JANUARY 3 — If you were not bingeing on a TV show imagining a world where the Nazis had won, like I did, how did you spend your New Year’s Eve?
Did you spend it indoors with your loved ones? Or perhaps you were one of the revellers who danced the night away, pausing only to admire the fireworks?
Or maybe, seeking respite from the drizzle, you were planning to witness the countdown at the historic Dataran Merdeka? Only to bafflingly discover that the place was filled with thousands of men clad in robes and skullcaps chanting in Arabic?
It would be too easy to dismiss and mock critics who highlight the so-called “creeping Islamisation” in Malaysia. Especially those who cite the event — the recurring Malam Cinta Rasul, or Love the Prophet Night — as a pointed example.
After all, the notion of “creeping Islamisation” plays right into the narrative of anti-liberal reactionaries, who often speak of concerted attacks to undermine the position of Islam and the Malay race in this country.
For them, it evokes their favourite caricature of a hysterical Malay-hating Islamophobe strawman who would rant against anything tied to the two topics.
How could Islamisation creep up on you when Islam has been here for centuries? So, the argument could go.
Or they would conflate being Islamic and Islamised, claiming that many Muslims were happily drinking the night away on New Year’s Eve, among other vices.
Fact is, institutionalised Islamisation has been around for so many decades that even those who have not been completely indoctrinated, would have normalised the situation and can see nothing wrong.
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Islamisation has less to do with people becoming more pious or religious, than it is with Islam permeating into institutions and spaces that used to be secular and have no religious value.
To the clueless, let me start the year right by painting a picture of Islamisation by using Malam Cinta Rasul as an example, and another “creeping faith” that haunts the dreams of paranoid clerics: Star Wars.
Malam Cinta Rasul might be optional, it is not mandatory for all Malaysians, let alone Muslims. Nonetheless, it has now been held on a grand scale annually since 2013 — mostly on New Year’s Eve — not counting several other events sharing the same name in other states.
This is only possible with backing from the state, and so it was. The event was organised by the Cheras Education Foundation, a foundation under Cheras Umno, led by influential grassroots chief Syed Ali Alhabshee.
And the foundation can afford to do so, when it is backed by the state itself. Co-partners included the Federal Territories (FT) Ministry, Communications and Multimedia Ministry, the Kuala Lumpur City Hall, and the FT Islamic Council.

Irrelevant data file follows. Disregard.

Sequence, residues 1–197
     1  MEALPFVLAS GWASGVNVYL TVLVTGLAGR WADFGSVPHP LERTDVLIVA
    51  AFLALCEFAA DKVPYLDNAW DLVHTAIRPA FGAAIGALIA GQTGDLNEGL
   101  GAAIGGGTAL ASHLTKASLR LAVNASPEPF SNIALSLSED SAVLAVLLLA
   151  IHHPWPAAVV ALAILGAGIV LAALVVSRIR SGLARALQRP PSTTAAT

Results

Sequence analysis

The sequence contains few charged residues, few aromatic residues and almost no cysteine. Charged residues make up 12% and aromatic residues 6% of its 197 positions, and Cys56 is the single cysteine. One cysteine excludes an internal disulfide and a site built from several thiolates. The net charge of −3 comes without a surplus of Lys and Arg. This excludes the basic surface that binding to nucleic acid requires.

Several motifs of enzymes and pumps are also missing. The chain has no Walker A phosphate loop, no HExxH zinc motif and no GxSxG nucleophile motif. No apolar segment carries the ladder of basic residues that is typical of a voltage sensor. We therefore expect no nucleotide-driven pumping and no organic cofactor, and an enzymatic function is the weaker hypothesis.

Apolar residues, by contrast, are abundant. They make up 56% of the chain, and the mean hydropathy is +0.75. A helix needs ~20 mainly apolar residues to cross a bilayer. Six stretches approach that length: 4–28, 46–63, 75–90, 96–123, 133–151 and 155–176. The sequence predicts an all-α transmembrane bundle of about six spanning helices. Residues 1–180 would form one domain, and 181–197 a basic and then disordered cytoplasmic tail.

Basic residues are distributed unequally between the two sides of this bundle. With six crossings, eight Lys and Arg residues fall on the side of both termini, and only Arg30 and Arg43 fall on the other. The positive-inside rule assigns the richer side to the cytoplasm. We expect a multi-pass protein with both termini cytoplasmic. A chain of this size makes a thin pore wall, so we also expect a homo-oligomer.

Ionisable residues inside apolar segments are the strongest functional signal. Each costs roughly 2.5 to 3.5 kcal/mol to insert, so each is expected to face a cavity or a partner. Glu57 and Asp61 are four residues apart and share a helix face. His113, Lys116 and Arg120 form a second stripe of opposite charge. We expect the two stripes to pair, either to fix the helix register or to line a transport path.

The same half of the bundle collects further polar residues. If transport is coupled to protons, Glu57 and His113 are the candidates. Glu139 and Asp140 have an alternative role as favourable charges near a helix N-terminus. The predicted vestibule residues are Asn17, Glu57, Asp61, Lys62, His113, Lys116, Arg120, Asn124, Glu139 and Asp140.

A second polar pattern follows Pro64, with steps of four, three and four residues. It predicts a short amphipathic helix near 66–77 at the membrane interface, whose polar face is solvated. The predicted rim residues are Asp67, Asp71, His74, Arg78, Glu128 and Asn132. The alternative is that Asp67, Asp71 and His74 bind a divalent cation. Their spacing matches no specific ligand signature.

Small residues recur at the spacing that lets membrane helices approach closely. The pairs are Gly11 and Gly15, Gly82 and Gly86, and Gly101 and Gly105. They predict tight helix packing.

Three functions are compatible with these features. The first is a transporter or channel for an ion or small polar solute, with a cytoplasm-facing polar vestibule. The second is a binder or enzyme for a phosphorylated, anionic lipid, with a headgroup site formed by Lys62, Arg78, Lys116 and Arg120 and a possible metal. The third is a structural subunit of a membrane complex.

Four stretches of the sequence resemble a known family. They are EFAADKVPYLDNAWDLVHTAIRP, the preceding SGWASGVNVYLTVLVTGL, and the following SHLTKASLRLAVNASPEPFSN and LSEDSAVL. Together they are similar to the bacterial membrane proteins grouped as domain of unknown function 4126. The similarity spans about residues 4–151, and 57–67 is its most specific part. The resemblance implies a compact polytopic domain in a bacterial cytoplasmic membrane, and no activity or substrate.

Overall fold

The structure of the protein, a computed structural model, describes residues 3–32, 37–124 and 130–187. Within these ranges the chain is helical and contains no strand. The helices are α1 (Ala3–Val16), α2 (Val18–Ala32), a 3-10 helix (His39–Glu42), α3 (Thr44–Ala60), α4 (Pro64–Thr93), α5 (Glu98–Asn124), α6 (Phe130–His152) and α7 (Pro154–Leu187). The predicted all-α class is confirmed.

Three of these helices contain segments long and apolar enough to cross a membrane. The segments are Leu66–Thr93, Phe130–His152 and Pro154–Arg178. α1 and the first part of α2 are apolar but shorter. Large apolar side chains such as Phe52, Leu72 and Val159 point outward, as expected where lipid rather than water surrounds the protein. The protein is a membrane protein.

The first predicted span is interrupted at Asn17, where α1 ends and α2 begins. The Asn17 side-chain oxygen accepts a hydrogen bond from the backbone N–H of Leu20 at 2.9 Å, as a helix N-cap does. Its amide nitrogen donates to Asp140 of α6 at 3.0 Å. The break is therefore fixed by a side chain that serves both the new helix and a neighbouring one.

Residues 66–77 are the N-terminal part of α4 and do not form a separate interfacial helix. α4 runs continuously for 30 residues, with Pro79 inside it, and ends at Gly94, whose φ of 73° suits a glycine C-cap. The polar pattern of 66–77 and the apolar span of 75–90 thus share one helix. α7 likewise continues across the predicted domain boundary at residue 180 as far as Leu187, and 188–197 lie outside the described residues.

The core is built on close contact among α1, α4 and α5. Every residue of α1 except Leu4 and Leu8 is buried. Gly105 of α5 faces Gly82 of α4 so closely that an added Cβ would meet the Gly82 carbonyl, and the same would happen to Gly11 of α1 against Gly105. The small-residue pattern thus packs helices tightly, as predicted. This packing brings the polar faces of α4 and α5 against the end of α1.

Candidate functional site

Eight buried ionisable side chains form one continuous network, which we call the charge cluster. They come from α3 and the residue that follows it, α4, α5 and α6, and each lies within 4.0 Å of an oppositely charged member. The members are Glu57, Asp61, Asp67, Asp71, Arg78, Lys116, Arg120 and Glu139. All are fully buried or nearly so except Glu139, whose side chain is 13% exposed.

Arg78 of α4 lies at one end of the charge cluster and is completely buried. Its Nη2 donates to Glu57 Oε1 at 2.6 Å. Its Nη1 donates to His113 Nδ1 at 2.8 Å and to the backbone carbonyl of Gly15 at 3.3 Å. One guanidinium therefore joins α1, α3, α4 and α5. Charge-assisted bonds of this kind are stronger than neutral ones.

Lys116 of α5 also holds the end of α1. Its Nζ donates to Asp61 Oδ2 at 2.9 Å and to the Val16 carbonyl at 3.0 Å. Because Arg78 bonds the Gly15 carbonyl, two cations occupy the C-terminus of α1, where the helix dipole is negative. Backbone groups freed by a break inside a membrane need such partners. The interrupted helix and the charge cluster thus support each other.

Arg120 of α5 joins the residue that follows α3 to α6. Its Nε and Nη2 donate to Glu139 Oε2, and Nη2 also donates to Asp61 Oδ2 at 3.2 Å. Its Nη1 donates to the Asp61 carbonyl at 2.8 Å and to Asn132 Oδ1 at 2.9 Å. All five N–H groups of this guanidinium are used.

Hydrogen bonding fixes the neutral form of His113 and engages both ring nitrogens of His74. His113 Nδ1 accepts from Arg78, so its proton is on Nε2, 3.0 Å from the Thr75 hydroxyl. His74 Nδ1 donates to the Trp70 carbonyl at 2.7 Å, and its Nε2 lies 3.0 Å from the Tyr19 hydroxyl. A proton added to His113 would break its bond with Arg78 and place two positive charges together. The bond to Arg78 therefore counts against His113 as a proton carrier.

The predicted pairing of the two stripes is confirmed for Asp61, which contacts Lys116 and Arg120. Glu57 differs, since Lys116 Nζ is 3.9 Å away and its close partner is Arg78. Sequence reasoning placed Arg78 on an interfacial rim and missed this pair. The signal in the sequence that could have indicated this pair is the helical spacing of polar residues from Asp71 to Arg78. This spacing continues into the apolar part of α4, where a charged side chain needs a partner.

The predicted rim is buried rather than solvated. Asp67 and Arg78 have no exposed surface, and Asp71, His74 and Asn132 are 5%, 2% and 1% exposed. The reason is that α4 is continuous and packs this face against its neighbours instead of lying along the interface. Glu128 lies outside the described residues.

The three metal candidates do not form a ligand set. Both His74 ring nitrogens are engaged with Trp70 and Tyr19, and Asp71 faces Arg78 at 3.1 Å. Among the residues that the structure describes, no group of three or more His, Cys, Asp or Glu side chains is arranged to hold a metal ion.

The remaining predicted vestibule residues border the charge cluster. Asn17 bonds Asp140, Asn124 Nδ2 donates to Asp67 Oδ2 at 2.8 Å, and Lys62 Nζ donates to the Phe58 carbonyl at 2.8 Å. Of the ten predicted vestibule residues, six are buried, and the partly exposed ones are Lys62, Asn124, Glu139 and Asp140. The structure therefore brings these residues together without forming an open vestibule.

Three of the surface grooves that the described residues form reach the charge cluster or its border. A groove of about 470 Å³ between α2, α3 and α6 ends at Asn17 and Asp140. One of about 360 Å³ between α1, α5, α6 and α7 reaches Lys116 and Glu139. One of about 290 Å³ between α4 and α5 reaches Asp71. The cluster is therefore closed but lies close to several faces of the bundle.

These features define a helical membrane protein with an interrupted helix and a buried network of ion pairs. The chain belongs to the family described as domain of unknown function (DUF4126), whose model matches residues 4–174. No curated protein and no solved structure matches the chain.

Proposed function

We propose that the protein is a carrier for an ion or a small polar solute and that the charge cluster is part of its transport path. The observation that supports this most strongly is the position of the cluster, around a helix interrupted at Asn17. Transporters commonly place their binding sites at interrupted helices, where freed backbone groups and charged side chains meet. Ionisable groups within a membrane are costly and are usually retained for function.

Present as guests of honour at the event, complete with comfortable lounge seats, were Deputy Prime Minister Ahmad Zahid Hamidi, FT minister Tengku Adnan Mansor, Perak Mentri Besar Dr Zambry Kadir, KL Mayor Amin Nordin Abdul Aziz, and Syed Ali himself.
Essentially, this means Putrajaya has no qualms holding an event that costs hundreds of thousands ringgit (last year’s cost was roughly RM200,000), for something that panders exclusively to Muslims.
Doesn’t sound too ridiculous? Imagine then, Putrajaya co-organising a massive, costly Star Wars convention, and only Star Wars, year in year out.
Not to forget, the event was held in a public space, commonly associated with New Year’s Eve celebrations which was completely accessible to people of all backgrounds. Or at least it was, before 2013.
Drawing on the same analogy, this is akin to a Malaysian coming every week to his pasar malam spot, only to discover that suddenly the lot is used for a Star Wars screening. For the next month, there has not been any pasar malam on that day of the week. Just Star Wars, week after week.
Unconsciously, the public is made to perceive that such an Islamic-themed events — regardless of its actual religiosity — is a norm, despite its relatively late introduction to Malaysia.
Not only that, by endorsing such an event, Putrajaya is promoting it as a “preferred” way to usher in the new year. Which spells good news for conservative killjoys who cannot stand others enjoying their non-Shariah-compliant celebrations.
Once secular, the new year has now been co-opted as a day to assert Islam’s dominance, by the many Malays who came in droves, over the rest of the public.
This, insidiously, carries repercussions beyond just ringing in the new year.
This endorsement of a seemingly Islamic way of life as the only “right” way for a Malay to live will result in an ugly divide and demonisation, especially when Malays have no way of shedding the “Muslim” label in the first place.
Left unchallenged, it would solidify the position of Islamic dogma as the basis of the country’s governance.
We see it in Islamic agencies Jakim and Yapeim’s impunity, even in the face of public uproar over its lack of transparency in handling funds.
We see it in the Langkawi homes where the roofs were painted over simply for resembling a cross at a certain angle.
We see it in the clergy wing of Islamist party PAS, suggesting that marrying children off is the best way to prevent sexual crimes.
We see it in Terengganu, which like some other states have banned vaping, but only after the National Fatwa Council deemed it “haram” for Muslims.
We see it in the civil court handing over the power of child custody in cases of forced Muslim conversions, to the Shariah courts. A decision which PAS Youth has proudly claimed as a “victory” against liberals, although it is more likely a trumping win against non-Muslims.
Yes, Malaysians are yet to turn more Islamic.
But slowly and bit by bit, unnoticed by most, there is a shift on imposing Islamist views on matters where religion previously had no place. That surely qualifies as creeping, and does not sound as funny.
* This is the personal opinion of the columnist.